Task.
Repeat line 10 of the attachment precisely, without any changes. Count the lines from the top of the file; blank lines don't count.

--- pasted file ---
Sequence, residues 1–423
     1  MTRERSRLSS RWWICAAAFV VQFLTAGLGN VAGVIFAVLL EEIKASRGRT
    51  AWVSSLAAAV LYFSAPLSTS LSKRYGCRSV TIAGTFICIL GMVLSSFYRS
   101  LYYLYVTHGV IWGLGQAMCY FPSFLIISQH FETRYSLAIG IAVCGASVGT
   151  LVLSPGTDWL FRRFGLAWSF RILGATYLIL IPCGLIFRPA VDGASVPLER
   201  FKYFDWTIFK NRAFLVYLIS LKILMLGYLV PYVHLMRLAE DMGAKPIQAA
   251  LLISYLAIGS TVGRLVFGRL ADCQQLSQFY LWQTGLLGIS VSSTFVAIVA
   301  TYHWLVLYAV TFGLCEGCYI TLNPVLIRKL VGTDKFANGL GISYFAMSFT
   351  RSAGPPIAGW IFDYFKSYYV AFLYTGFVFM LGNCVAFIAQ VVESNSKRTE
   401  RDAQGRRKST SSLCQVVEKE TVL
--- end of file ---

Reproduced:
   401  RDAQGRRKST SSLCQVVEKE TVL